Office Document Strategies Blog
One of the issues that doing a large amount of scanning can create is getting the index information connected to the scanned document for storage. The challenge created is to decide whether to simply use manual index entry using human operators or to build a more automated workflow which can capture the images and extract data from the scanned files and use it to index them for storage and retrieval.
Getting files into an electronic document filing system is usually the most challenging part of any system. Automating the input process for scanned files is one way to reduce the tedium and increase the efficiency for input. Bar codes can be a great tool in that automation.
A question one of my account representatives has been running into lately. Why do I need to pay for a support plan with an mfp printer?
There are several options for the type of scanner you need to match your document management system choice and improve your ability to have a 'less paper' environment. Scanners come in several basic groups and they range in cost from the low hundreds of dollars to many thousands of dollars.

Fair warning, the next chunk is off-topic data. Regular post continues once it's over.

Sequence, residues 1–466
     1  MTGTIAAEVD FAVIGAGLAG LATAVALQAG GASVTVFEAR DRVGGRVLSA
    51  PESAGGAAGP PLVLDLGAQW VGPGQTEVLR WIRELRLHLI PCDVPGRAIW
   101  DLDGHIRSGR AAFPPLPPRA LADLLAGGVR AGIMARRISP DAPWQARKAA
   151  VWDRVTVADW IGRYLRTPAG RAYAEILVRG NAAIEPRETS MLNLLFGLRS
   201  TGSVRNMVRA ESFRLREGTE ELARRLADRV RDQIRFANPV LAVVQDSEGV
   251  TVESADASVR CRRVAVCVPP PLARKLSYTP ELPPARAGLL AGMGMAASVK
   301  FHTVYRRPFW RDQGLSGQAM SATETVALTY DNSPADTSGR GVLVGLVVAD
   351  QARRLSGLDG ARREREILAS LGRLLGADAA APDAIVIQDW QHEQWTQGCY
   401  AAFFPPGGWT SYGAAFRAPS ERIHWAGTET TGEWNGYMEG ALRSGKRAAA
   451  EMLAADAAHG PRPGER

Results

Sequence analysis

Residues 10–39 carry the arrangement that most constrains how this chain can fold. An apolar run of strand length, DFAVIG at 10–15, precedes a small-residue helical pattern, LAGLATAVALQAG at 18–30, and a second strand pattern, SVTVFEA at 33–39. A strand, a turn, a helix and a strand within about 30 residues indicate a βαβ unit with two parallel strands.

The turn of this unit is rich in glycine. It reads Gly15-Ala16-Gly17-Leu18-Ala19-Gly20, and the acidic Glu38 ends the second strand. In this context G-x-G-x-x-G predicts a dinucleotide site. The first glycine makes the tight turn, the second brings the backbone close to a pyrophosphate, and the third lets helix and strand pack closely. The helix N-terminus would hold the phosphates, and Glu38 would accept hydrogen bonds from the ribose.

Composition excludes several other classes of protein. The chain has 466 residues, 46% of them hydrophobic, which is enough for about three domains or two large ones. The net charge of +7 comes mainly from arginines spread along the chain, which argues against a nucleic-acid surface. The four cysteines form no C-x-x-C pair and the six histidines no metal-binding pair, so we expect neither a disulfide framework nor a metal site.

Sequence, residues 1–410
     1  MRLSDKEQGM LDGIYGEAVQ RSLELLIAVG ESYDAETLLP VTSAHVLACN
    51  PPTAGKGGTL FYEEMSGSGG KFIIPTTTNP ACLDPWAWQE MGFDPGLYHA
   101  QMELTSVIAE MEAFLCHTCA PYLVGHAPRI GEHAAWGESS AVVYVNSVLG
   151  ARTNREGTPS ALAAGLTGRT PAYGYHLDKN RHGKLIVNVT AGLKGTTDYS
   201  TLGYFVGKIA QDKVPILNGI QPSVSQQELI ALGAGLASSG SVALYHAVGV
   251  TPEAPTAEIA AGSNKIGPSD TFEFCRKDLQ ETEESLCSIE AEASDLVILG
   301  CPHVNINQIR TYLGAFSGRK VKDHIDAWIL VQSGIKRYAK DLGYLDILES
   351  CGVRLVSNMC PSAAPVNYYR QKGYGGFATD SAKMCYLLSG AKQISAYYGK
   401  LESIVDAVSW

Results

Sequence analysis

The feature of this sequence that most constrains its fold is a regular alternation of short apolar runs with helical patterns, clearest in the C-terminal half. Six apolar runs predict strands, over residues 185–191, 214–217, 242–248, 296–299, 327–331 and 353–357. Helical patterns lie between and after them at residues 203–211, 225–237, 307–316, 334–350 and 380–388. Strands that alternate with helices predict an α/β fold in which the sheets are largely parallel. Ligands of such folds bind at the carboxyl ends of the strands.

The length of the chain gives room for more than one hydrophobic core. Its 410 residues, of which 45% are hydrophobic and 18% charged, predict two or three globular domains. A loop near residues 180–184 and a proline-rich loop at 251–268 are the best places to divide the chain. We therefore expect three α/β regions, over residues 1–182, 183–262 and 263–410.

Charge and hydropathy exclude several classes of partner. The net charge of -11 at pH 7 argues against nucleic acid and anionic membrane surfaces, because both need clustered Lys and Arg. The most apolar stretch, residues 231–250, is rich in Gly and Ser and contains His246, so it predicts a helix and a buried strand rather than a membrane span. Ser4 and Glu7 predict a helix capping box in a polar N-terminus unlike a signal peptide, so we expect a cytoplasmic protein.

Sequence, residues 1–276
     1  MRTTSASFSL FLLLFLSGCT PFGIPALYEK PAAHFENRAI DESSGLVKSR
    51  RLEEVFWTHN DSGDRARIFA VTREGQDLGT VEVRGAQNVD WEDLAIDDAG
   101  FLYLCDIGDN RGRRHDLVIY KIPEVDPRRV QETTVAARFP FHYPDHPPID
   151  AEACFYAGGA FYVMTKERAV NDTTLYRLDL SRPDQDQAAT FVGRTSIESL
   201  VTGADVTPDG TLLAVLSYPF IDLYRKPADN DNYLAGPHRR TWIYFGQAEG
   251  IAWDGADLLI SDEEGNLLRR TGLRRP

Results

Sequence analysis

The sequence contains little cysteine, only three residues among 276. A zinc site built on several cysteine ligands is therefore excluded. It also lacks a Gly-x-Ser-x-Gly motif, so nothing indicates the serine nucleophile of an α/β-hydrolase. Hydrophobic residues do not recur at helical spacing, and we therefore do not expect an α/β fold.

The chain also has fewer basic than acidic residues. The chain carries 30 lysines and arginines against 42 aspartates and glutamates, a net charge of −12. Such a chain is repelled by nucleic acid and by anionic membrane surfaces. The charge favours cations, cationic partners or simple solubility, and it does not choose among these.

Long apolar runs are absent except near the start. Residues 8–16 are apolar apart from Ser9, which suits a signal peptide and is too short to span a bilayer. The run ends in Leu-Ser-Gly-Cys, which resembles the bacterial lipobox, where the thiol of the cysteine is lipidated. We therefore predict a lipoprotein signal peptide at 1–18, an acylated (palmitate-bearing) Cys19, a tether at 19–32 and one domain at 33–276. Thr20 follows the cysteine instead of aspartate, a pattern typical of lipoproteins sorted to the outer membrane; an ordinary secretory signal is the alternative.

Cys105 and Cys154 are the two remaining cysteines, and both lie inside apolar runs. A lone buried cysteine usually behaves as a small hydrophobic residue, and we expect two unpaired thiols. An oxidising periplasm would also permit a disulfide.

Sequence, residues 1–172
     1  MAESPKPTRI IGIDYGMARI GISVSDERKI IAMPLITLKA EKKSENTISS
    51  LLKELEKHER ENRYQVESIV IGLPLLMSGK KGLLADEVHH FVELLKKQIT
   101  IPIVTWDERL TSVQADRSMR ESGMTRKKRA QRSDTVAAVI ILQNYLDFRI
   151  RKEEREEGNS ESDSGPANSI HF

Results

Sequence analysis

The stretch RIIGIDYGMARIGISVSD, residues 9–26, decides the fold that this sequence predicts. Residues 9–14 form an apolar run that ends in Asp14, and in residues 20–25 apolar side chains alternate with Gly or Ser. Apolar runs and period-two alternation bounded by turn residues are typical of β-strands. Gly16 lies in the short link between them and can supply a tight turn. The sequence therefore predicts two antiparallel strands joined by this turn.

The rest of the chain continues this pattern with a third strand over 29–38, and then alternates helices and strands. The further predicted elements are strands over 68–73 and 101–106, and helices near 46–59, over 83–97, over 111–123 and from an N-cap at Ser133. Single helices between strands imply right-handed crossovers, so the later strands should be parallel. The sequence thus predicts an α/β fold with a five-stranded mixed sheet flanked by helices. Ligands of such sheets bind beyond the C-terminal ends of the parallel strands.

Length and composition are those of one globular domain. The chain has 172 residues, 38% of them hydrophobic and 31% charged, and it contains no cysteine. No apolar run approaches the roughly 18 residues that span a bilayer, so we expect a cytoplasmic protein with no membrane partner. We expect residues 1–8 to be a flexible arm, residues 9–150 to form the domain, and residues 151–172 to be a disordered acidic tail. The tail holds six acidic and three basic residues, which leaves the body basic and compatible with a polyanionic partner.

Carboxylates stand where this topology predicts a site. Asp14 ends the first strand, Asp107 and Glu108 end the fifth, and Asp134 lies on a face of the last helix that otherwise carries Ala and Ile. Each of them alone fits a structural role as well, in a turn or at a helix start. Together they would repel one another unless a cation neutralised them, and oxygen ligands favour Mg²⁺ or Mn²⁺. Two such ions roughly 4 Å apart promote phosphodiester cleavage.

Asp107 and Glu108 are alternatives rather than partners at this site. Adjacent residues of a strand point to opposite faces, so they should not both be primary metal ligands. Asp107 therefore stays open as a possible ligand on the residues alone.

News is official as I write this that Eastman Kodak has filed for chapter 11 protection while it attempts to deal with its financial challenges. This news will have an affect on Kodak's business selling production scanners since this important area will be greatly overshadowed by the problems in the consumer side of the business.
On of the most popular uses of mfp (multifunction printer or copier) based scanning is the ability to scan to e-mail. One of our clients recently highlighted a frequent problem that users encounter when they don't fully understand the way to setup their scanning for efficient scanning to e-mail use. Here's the story.